Genetics, RNA subtype, and tumor microenvironment are clinically important and independently predictive of trastuzumab response when examining the tumor in a patient with HER2-positive breast cancer, according to a study to be presented at the San Antonio Breast Cancer Symposium 2016 meeting.1

Researchers led by Maki Tanioka, PhD, of the University of North Carolina in Chapel Hill conducted genomic analyses on pathologic complete response (pCR) of 213 pre-treatment tumors. pCR was defined as having no invasive tumor in the breast of observed patients.

Through mRNAseq and DNA exome sequencing, they examined clinicopathological information as well as somatic mutation status. They derived 422 segment-level DNA Copy Number Alterations and 510 gene expression signatures.

The researchers found that while clinical estrogen/progesterone receptor (ER/PgR) status as well as intrinsic subtype by PAM50 were associated with pCR, stage of the disease and paclitaxel and trastuzumab therapy either with or without lapatinib were not associated with pCR.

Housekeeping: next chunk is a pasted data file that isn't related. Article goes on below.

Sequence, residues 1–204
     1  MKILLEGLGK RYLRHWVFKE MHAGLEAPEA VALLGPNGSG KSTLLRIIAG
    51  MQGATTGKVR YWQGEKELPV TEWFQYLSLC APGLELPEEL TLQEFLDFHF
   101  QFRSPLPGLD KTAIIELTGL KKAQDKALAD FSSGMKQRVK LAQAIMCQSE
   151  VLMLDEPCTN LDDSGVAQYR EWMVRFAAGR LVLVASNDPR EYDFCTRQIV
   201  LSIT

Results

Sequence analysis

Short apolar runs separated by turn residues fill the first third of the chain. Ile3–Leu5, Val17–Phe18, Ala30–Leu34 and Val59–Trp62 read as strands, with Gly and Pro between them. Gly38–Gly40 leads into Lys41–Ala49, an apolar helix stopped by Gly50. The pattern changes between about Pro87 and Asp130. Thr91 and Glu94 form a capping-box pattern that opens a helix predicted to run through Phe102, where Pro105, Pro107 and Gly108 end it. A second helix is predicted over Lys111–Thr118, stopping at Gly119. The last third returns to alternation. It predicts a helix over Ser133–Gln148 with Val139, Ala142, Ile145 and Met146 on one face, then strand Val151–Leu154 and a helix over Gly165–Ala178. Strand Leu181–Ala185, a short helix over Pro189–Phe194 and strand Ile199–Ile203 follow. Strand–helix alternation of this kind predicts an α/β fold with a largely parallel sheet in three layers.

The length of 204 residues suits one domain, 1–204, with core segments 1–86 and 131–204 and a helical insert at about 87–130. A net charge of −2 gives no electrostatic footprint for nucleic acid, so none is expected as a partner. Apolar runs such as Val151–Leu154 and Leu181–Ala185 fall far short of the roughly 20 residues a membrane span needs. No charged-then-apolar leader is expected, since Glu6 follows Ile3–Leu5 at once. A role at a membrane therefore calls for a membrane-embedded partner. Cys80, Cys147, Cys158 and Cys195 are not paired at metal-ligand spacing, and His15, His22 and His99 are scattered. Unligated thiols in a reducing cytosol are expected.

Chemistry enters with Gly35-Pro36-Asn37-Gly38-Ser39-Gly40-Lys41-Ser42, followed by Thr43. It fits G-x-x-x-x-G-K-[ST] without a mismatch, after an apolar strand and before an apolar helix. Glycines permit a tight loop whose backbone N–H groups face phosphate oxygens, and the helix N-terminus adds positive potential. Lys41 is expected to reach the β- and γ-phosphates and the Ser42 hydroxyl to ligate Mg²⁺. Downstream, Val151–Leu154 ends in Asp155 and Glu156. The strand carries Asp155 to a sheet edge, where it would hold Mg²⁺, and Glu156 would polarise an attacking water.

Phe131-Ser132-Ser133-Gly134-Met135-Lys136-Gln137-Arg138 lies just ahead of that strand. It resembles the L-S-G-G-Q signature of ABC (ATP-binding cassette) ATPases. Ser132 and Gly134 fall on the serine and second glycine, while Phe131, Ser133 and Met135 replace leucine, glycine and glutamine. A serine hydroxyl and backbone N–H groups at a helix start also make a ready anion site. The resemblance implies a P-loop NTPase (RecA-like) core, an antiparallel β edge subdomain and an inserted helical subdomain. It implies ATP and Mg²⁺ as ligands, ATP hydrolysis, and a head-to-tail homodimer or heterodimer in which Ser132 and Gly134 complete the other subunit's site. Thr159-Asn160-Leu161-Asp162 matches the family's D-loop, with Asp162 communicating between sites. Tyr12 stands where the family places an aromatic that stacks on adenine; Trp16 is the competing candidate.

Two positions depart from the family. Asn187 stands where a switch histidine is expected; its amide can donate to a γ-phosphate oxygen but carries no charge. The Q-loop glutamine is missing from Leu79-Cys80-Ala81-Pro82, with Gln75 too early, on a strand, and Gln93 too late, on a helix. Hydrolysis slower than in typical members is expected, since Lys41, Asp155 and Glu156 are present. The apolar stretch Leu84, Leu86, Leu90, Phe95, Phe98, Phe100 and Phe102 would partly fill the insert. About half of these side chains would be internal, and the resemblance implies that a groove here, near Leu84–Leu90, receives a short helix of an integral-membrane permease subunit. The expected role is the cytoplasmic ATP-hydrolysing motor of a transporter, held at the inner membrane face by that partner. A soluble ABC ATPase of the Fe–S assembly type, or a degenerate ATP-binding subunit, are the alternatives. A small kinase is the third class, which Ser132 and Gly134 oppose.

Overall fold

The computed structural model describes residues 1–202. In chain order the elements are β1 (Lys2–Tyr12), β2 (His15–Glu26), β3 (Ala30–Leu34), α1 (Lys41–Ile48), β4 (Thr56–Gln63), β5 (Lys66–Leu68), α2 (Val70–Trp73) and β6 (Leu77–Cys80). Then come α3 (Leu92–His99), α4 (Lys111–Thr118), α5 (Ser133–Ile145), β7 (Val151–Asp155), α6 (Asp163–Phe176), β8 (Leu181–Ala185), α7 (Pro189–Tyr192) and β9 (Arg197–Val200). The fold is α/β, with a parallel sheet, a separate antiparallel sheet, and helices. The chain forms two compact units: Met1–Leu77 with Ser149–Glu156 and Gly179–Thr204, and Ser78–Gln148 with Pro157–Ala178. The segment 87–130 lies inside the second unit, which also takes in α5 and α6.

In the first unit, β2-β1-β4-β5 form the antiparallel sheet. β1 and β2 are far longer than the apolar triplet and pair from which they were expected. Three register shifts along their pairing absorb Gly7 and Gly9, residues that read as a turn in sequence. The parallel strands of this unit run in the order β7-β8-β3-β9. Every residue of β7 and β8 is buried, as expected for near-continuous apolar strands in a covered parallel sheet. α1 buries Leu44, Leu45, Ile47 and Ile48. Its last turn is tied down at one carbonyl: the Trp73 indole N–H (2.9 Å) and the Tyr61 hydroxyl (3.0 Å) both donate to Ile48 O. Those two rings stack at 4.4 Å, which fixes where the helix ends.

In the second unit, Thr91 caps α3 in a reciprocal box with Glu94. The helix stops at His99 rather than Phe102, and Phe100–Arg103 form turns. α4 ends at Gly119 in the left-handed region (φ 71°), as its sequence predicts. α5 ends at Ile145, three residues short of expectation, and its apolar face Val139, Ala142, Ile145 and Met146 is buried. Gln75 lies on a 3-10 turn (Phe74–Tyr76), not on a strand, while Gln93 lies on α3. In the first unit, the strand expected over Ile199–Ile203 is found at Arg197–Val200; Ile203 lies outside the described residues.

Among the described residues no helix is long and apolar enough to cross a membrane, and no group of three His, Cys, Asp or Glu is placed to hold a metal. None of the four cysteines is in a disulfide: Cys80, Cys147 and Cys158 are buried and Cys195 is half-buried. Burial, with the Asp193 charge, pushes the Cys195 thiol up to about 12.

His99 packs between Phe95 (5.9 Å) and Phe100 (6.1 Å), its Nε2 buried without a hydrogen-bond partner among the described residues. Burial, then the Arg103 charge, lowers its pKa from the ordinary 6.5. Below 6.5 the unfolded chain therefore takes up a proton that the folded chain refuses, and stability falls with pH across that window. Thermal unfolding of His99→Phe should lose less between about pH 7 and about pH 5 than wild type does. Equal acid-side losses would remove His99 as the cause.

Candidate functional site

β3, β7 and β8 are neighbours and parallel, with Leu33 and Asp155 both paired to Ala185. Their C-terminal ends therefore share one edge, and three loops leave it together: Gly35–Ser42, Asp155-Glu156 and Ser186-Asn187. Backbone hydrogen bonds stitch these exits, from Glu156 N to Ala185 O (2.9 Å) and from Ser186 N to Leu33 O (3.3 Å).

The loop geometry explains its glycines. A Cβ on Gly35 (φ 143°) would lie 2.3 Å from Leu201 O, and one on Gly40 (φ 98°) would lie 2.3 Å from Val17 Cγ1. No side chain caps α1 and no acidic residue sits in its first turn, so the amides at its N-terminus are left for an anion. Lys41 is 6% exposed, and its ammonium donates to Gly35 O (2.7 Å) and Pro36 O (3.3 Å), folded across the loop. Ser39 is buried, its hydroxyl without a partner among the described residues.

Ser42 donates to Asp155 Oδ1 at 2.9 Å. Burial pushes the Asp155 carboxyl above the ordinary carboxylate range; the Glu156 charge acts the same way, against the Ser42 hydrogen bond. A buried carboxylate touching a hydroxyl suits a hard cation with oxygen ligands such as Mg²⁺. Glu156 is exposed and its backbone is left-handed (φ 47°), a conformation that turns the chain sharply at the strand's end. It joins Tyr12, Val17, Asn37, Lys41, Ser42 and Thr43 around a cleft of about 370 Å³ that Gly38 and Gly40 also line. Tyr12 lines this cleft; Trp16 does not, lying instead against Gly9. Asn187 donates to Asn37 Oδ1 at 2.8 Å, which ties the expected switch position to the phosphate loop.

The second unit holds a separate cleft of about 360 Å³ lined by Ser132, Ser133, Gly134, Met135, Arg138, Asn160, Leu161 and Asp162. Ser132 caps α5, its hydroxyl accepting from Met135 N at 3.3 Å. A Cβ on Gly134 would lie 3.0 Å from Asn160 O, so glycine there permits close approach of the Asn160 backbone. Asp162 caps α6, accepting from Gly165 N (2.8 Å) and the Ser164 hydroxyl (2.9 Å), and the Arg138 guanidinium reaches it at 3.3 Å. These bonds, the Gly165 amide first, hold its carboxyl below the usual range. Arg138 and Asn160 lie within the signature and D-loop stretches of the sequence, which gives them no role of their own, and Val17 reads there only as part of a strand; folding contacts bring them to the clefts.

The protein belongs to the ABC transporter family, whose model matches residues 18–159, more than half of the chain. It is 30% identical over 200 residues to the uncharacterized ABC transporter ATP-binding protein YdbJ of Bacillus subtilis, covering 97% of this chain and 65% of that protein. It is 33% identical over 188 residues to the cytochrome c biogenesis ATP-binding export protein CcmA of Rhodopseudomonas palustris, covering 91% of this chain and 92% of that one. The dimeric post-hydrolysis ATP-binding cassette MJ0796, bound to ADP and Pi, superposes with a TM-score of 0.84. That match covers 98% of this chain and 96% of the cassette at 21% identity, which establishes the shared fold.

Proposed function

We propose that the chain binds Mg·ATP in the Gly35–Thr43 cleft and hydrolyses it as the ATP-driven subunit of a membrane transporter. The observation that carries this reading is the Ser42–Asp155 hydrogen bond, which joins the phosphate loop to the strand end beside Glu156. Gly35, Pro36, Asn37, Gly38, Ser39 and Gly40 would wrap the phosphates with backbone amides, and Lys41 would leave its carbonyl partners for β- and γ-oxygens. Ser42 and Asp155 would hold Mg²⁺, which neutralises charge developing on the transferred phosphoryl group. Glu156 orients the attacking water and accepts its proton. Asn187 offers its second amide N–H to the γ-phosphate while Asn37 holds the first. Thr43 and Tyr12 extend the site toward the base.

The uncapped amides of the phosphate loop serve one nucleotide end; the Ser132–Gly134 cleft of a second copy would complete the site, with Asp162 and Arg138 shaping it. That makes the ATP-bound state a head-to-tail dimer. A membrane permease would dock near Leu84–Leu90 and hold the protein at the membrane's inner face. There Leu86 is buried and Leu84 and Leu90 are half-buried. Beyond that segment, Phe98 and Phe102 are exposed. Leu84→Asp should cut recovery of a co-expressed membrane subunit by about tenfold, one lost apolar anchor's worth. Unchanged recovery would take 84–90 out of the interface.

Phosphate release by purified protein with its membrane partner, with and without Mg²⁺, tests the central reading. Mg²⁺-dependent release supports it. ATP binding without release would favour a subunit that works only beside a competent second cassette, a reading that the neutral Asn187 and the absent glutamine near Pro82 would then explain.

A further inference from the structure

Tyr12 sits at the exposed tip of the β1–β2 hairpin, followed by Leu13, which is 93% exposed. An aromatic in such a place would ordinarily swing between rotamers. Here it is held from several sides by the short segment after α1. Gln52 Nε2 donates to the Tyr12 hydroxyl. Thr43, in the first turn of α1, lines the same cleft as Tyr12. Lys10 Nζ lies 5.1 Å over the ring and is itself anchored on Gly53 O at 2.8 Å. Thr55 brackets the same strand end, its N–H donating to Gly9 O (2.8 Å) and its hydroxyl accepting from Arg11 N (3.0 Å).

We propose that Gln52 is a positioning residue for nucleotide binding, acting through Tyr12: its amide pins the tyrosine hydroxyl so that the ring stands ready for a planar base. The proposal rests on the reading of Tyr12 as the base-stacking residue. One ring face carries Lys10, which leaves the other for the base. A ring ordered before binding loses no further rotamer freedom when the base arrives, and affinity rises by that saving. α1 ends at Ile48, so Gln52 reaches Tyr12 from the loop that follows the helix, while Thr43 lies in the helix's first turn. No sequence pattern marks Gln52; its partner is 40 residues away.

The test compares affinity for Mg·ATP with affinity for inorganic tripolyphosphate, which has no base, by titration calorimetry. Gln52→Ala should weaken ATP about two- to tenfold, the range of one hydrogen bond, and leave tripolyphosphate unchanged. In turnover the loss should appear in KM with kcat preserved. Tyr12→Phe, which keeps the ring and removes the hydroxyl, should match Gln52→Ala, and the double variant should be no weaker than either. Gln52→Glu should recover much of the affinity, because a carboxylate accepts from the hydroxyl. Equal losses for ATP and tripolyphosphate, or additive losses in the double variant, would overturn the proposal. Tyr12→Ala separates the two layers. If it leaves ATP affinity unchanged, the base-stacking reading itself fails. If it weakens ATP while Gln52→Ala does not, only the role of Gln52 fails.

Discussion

Models that utilized gene signatures or DNA Copy Number Alterations were found to be more predictive of response upon Elastic Net analysis, compared to models that used mutation status.

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The authors concluded that Copy Number Alterations, HER2-enriched and Luminal status, as well as immune cell features were predictive of response to treatment with trastuzumab.

Reference

  1. Tanioka M, Fan C, Carey LA, et al. Integrated analysis of multidimensional genomic data on CALGB 40601 (Alliance), a randomized neoadjuvant phase III trial of weekly paclitaxel (T) and trastuzumab (H) with or without lapatinib (L) for HER2-positive breast cancer. Paper to be presented at: 2016 San Antonio Breast Cancer Symposium (SABCS); December 6-10, 2016; San Antonio, TX.